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As Funding Drops, Young Researchers Suffer Most

By Sara Shipley Hiles

The physics department at MIT accepted only 25 graduate students this year, down from 50 in years past. Several job candidates turned down the prestigious school for work in other countries where science funding is considered more stable. And two MIT contracts with NASA — that PhD candidates rely on to pay for their work — were trimmed by 91 percent.

After years of steady support for science funding and a spurt in health sciences research over the last decade that drew many young people into research labs, federal funds are now flat or declining in many areas.

Researchers in nearly every field are finding it harder to win competitive grants from the National Institutes of Health, the National Science Foundation, and other research agencies. But those hurt most by the ultra-competitive climate, say academics at MIT and elsewhere, are young researchers who are just starting their studies or their careers.

“If you have three NIH grants and you lose one, you tighten your belt a little bit. If you’re junior faculty and you have one grant and you lose it, your career may be over,” said Karen Antman, provost of the medical campus at Boston University, where about half of the school’s 1,200 faculty members get NIH funding.

The United States still spends more money on scientific research than any other country; the amount for non-defense-related research and development has held steady since 2003 at about $57 billion a year in inflation-adjusted dollars, said Kei Koizumi, director of the budget and policy program at the American Association for the Advancement of Science, a science advocacy group in Washington.

Science funding is somewhat cyclical. NIH saw its budget double between 1998 and 2003; it’s now $28.6 billion. But this year, Congress approved the first cut to NIH’s budget since 1970, according to the science association.

The National Science Foundation, another flagship science research agency, received a modest increase to its $5.6 billion budget. Because of inflation and other expenses, however, the agency has less research money in real terms than in the past few years, Koizumi said.

Many science advocates say the United States risks losing its competitive edge by backing down on funding at a time when China, India, and other countries are bulking up their science programs.

“If basic research is undercut, it will undercut the knowledge base that will drive industry in the future,” said Tobin Smith, an analyst with the Association of American Universities in Washington. The association represents 62 major research institutions in the United States and Canada, including MIT, Harvard University, and Brandeis University.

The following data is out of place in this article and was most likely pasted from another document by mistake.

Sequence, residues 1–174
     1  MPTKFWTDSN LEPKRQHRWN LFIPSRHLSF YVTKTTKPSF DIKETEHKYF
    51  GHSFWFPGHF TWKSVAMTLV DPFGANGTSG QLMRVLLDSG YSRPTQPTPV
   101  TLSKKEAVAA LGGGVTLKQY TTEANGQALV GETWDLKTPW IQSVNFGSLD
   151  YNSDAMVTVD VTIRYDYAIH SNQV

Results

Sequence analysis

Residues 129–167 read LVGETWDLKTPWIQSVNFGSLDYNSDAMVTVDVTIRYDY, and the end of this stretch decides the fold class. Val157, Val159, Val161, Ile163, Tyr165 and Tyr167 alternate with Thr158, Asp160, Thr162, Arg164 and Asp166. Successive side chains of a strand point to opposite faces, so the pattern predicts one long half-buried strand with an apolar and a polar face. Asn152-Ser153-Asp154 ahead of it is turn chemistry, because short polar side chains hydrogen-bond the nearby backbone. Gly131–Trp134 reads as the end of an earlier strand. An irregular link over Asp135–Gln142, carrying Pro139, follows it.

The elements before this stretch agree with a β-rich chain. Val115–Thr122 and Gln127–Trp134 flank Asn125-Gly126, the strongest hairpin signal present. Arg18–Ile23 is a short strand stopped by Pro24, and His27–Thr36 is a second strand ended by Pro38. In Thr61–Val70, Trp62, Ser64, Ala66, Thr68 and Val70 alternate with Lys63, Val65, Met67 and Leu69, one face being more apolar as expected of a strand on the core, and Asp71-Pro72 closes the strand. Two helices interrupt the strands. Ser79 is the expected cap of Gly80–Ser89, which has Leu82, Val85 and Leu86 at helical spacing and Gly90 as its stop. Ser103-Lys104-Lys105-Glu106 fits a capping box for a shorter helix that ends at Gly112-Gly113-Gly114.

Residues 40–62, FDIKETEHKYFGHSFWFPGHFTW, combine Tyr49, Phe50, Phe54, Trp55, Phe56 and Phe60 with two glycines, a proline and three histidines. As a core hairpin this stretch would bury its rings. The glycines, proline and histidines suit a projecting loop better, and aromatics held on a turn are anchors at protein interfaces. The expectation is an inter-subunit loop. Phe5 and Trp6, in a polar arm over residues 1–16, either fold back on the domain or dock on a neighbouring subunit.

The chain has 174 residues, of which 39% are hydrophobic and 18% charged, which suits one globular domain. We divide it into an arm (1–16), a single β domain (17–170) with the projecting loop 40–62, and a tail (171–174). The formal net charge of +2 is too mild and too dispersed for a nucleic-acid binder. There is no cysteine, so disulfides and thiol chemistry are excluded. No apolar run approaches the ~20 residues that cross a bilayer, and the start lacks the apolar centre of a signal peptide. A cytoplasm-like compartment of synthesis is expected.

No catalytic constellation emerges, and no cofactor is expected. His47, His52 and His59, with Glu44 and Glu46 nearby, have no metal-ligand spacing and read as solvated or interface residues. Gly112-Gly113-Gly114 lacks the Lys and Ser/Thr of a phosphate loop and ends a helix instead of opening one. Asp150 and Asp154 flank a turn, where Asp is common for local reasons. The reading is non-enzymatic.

Last year, two researchers turned down job offers from MIT’s physics department and went to work instead in Europe, where funding is less of a struggle.

“It was quite striking,” said Marc A. Kastner, who heads the department. “It used to be that a position at MIT was the best in the world, and now people are turning us down.”

For new researchers trying to break into the field, the availability of funding is crucial. For NIH grants, for example, only one out of five applications is funded, and the average age of a first award for a PhD is 42, compared with age 37 in 1980, according to NIH data.

Don Gibbons, a spokesman for Harvard Medical School, said he worries that a “domino effect” will occur when young people see peers a few years ahead of them in school getting turned down for postdoctoral positions, faculty jobs, and grants. Students may lose interest in research and choose another career path.

“Our concern is really generational,” he said. “Are we going to lose a generation of the brightest scientists?”

To help young investigators get their first grants more quickly, the NIH encourages grant reviewers to give their applications “special consideration,” and the agency has started a pilot program to speed up the review process. NIH officials say they value new investigators as innovators of the future.

Penny Beuning, a postdoctoral student in biology at MIT, will soon face the challenge of getting her first major research grant when she joins the faculty of Northeastern University’s chemistry and chemical biology department in July. The school offered her start-up money, but Beuning will be expected to find her own funding fairly quickly.

“Generally, at least one research grant is required to get tenure,” she said. “If you don’t have one, it’s nerve-racking.”

Rebeca Rosengaus, an assistant biology professor at Northeastern University, won a $503,000 NSF grant for researchers early in their careers, but it took her two tries to get it.

Before she snagged the grant, “I was worried sick,” said Rosengaus, who studies the reproductive strategies and social behavior of termites. “A lot of your future depends on whether you can get funded. Every, year you have to send a grant somewhere to secure continued funding.”